21 Jun 2012

Quick guide for planning events – part one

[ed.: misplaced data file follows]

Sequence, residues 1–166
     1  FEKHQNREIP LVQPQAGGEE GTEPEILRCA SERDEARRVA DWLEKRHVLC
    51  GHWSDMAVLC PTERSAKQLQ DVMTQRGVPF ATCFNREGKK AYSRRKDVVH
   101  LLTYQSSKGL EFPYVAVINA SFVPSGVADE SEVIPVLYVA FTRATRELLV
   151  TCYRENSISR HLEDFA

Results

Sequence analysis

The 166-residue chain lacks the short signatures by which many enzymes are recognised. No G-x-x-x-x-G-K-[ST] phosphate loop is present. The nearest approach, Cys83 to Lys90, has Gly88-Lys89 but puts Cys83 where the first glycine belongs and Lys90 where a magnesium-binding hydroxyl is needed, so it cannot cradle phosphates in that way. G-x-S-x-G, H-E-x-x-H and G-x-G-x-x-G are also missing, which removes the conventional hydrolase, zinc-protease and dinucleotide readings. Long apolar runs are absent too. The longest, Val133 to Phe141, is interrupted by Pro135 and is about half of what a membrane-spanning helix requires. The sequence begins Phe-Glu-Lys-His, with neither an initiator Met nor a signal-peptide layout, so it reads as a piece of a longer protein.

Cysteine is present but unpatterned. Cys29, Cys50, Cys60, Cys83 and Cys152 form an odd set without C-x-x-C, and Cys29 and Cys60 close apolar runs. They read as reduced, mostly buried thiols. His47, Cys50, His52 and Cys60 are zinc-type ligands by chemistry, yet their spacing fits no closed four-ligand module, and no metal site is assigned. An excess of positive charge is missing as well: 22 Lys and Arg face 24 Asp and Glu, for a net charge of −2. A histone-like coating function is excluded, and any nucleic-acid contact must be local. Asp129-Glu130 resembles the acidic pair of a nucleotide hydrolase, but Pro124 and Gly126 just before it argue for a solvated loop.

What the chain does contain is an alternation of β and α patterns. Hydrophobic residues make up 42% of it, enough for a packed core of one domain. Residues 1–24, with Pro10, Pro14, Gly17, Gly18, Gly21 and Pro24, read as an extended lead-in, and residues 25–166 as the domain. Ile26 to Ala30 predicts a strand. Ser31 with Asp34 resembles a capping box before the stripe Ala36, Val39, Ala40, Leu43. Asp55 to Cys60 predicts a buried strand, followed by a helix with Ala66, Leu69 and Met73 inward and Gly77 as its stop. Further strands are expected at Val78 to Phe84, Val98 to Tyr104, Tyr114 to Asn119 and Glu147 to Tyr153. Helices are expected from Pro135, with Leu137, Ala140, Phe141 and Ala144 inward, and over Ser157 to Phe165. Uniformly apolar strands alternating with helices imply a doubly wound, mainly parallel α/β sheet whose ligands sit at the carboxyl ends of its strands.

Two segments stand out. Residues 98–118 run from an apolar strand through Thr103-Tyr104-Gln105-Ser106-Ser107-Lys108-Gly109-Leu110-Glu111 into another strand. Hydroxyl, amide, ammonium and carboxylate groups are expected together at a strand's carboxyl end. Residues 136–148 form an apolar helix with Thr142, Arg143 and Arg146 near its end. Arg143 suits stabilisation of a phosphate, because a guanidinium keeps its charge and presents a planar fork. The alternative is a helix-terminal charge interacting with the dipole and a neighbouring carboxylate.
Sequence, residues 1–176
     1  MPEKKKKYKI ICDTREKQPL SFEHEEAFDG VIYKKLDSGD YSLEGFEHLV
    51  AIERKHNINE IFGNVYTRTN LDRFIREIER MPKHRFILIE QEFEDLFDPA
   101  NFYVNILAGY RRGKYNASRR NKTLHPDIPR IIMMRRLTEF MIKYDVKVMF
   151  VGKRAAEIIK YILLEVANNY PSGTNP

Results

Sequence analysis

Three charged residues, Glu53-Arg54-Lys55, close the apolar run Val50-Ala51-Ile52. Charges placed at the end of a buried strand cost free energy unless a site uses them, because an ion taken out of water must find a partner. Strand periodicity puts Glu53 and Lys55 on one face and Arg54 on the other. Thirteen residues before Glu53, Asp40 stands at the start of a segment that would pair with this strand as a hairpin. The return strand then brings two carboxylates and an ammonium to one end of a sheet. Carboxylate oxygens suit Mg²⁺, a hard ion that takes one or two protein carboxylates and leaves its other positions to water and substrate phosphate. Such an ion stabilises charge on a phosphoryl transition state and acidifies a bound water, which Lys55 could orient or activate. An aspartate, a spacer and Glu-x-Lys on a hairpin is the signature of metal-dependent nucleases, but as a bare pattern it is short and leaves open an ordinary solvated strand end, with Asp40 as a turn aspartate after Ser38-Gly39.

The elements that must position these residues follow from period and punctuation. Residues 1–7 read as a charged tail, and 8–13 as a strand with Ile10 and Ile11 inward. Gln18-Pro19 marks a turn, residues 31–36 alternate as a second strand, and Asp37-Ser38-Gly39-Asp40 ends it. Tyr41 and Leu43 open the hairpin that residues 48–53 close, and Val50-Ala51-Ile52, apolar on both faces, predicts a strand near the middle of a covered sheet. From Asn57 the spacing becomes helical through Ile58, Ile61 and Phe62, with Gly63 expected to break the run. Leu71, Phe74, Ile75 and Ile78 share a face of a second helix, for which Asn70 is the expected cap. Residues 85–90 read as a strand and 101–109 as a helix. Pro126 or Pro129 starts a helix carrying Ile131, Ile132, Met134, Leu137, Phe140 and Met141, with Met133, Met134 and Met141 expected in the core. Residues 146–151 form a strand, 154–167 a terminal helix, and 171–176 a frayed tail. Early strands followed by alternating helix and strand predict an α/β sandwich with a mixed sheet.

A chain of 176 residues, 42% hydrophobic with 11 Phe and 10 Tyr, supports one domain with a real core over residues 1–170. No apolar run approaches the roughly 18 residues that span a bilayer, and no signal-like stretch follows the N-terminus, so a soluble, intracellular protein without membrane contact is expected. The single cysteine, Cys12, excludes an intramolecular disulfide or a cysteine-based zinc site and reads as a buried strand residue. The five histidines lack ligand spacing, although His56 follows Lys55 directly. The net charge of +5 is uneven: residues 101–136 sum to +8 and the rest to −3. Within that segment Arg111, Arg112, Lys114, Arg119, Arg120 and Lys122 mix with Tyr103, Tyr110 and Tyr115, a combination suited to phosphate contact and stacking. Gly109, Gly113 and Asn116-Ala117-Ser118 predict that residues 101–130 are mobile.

We’ve all hosted or been to an event that’s gone horribly wrong. What happened, and how could this have been prevented? On the other hand, we have all been to events that have exceeded our expectations. What was so special about the event, and how did the host achieve this? In the world of business, and indeed in our wider lives, we will all at some point be faced with event management. This could be something as small as an internal occasion for a few colleagues, to an external event spanning days and including hundreds of people. Whatever the occasion, whoever you are catering for and whatever your guidelines, there are a few key rules to follow to ensure that your event is a success. In this blog, I will focus on the planning stages of the event which of course is key to fulfilling your goals. Know your audience When dealing with people in general, this is a key principle. Who are you targeting? What are their age ranges, interests, and motivators? Most importantly of all, what will they be expecting from this event, and how can you ensure their attendance? The last two questions especially need to be answered to guarantee your event’s success. Real thought needs to be invested in understanding what will attract people to your event, and then how to make sure they go away with their expectations met. In order to do this, research events similar to yours. Where have these events taken place, what kinds of activities occurred there? Ideally, your event will cover all of these common ideas, and then expand on them. Know your purpose Have a clear idea of why you are hosting this event. What is your main goal? Events without clear objectives become pointless. Similarly, events with too many goals will at most only half achieve each of these. The best idea is to have one or two very clearly defined goals, and focus on creating a successful event by achieving those goals in particular. Think Outside the Box If your event is the same as all the others that have come before, attendance rates will struggle. For those that do attend, the event will not be memorable, and any goals you wish to achieve may suffer. Your event should include some key point of difference that makes it stand out from the rest. This does not have to be an overwhelming and mind-blowing ultimate idea- rather, small personalized touches usually work best. Plan, Plan, Plan There is no such thing as being too organised. Keep lists, keep reminders, map out your whole event to ensure that every base is covered. Of course, you will not think of everything, and some flexibility and quick thinking will be required. But keeping surprises to a minimum should be your main goal in preparing for your event. It is also important to plan around other events and conditions. Winter might not be the best occasion for an outdoor event. The end of a financial quarter might not the best time for a sale’s conference. Considering others, schedules, potential problems, and everything in between is all important in creating a successful event.